A leafy boulevard of flamboyant trees (also known as royal poincianas) that seasonally dye one side of the lot with intense red was of great importance to define the architectural design approach. A 27-meter-long hollow brick wall, made of precast concrete panels painted white, delimits this side of the plot and poetically integrates the interior and the exterior.
The concrete hollow brick has become the trademark of this project. At the same time it provides privacy without blocking off the landscape, it brings different emotions throughout the day with the different shapes of light and shadows it creates on the floor as the sun changes direction, and the passing of time is clearly marked by the light that enters with different intensities.
The hollow brick wall also creates a subtle relationship between the lot and the street, allowing the users to enjoy the external spaces either from the living room or the internal patio.
Pasqua House has a simple and conventional program organized on a single floor: living room, dining room, toilet, kitchen, four en-suite bedrooms, swimming pool and the garage, which is at the back of the plot, taking advantage of the slope.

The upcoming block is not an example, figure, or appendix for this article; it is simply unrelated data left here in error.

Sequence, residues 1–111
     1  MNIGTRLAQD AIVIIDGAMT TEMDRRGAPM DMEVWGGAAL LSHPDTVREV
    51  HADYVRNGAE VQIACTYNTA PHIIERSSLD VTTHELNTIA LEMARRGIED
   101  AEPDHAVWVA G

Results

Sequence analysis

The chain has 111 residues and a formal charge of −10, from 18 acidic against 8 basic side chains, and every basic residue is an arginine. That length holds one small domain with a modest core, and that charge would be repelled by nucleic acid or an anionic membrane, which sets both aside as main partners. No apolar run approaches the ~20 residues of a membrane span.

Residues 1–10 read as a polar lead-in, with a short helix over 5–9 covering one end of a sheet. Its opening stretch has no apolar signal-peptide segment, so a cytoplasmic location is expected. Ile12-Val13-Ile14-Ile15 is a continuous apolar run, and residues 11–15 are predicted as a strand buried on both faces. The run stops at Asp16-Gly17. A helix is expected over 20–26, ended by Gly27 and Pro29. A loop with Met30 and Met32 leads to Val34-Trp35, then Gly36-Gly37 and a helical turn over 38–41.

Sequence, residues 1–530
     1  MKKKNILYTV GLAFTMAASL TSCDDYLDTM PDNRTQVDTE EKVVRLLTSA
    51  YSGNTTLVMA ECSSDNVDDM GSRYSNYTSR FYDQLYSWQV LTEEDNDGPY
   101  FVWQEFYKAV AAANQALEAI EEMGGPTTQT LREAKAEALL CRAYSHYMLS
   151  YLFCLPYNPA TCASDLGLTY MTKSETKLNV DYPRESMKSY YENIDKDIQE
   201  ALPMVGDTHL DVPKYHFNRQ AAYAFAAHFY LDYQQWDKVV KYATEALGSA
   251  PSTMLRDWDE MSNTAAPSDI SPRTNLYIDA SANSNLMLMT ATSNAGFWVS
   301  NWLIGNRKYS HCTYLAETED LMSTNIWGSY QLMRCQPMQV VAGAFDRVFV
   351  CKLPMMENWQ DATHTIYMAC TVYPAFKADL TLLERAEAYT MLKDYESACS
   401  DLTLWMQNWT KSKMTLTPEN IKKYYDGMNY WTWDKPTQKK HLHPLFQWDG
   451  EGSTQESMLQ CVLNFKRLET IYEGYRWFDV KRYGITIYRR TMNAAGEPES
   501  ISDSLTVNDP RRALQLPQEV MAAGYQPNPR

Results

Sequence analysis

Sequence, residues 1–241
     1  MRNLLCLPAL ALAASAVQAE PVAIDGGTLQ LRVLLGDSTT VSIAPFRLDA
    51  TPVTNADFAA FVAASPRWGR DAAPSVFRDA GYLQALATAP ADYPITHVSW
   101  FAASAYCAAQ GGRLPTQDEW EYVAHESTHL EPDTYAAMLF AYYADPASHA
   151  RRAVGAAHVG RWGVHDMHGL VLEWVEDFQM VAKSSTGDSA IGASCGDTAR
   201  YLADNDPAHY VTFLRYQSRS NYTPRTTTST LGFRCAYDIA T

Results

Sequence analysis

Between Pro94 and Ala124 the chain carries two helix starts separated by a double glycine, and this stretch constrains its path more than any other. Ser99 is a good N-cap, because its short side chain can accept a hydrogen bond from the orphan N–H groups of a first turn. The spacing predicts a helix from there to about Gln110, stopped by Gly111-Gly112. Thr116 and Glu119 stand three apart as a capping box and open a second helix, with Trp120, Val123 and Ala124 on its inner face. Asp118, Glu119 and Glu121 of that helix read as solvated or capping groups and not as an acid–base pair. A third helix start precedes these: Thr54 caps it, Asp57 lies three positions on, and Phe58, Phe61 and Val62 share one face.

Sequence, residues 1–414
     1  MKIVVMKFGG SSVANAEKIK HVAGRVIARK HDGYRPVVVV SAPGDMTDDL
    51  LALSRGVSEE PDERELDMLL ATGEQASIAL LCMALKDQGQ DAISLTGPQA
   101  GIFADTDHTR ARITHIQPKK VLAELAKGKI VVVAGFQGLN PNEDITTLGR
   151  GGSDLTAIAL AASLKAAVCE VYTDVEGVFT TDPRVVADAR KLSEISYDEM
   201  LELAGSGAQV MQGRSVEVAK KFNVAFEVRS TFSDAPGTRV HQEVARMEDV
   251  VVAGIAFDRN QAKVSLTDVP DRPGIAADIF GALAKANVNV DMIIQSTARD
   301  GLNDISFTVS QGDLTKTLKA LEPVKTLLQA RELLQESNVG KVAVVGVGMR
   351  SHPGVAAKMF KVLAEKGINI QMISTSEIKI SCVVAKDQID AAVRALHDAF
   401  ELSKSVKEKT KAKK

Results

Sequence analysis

The three main materials used in the house are concrete, stone and wood. The concrete was used on to the terrace, in the structure and hollow bricks; the stone, original from the area, was used in the two side bearing walls; and the wood, in the brise-soleil that surrounds the bedroom’s block.
The organisation of the program happens through a succession of rectangular spaces distributed in an “L” shape. The concrete slab, resting on the stone walls, delimits the social area of house.
Here, the visual permeability allows you to see in both directions – towards the front patio and, in the background, towards the pool and garden. The other volume that encounters the slab perpendicularly is lined with wooden panels and delimits the more private area of the house which contains the bedrooms. The pool and the large deck are located in the middle of the lot, facing the two main volumes.
Large glass panels enclose the living room. When closed, they protect the inside of the house from the elements and allow for the use of air conditioning. When opened, the living room becomes a large veranda.
The region where the house is located has high temperatures throughout the year. In order to minimise the need for air conditioning, it was a crucial aspect of the project to guarantee cross-ventilation in the social area.
The concrete slab projects itself for four meters from the edge of the living and dining rooms, protecting them from the direct incidence of the sun. The wooden brise-soleil in the bedrooms’ volume protects them from the direct sun and consequently helps with the thermal comfort inside.